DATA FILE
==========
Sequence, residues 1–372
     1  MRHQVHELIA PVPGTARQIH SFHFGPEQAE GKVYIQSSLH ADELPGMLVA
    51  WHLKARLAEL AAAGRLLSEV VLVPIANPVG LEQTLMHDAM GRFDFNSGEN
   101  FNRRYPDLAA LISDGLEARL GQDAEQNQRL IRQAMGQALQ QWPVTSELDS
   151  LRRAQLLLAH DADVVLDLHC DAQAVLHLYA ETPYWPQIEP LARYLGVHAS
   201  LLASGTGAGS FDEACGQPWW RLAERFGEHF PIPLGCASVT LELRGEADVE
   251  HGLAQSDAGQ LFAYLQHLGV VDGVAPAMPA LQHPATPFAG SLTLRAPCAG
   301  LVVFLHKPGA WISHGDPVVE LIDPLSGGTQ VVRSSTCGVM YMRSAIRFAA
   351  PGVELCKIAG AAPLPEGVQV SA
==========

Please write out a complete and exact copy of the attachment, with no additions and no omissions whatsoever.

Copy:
Sequence, residues 1–372
     1  MRHQVHELIA PVPGTARQIH SFHFGPEQAE GKVYIQSSLH ADELPGMLVA
    51  WHLKARLAEL AAAGRLLSEV VLVPIANPVG LEQTLMHDAM GRFDFNSGEN
   101  FNRRYPDLAA LISDGLEARL GQDAEQNQRL IRQAMGQALQ QWPVTSELDS
   151  LRRAQLLLAH DADVVLDLHC DAQAVLHLYA ETPYWPQIEP LARYLGVHAS
   201  LLASGTGAGS FDEACGQPWW RLAERFGEHF PIPLGCASVT LELRGEADVE
   251  HGLAQSDAGQ LFAYLQHLGV VDGVAPAMPA LQHPATPFAG SLTLRAPCAG
   301  LVVFLHKPGA WISHGDPVVE LIDPLSGGTQ VVRSSTCGVM YMRSAIRFAA
   351  PGVELCKIAG AAPLPEGVQV SA